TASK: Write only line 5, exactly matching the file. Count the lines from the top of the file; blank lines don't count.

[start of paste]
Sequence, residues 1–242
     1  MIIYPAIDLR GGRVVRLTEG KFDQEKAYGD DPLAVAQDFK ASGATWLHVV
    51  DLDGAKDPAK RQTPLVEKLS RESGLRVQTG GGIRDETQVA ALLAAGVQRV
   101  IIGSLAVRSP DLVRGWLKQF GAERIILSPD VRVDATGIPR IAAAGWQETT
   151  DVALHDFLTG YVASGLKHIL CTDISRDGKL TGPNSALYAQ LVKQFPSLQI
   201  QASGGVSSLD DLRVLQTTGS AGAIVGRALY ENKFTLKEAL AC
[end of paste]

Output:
   151  DVALHDFLTG YVASGLKHIL CTDISRDGKL TGPNSALYAQ LVKQFPSLQI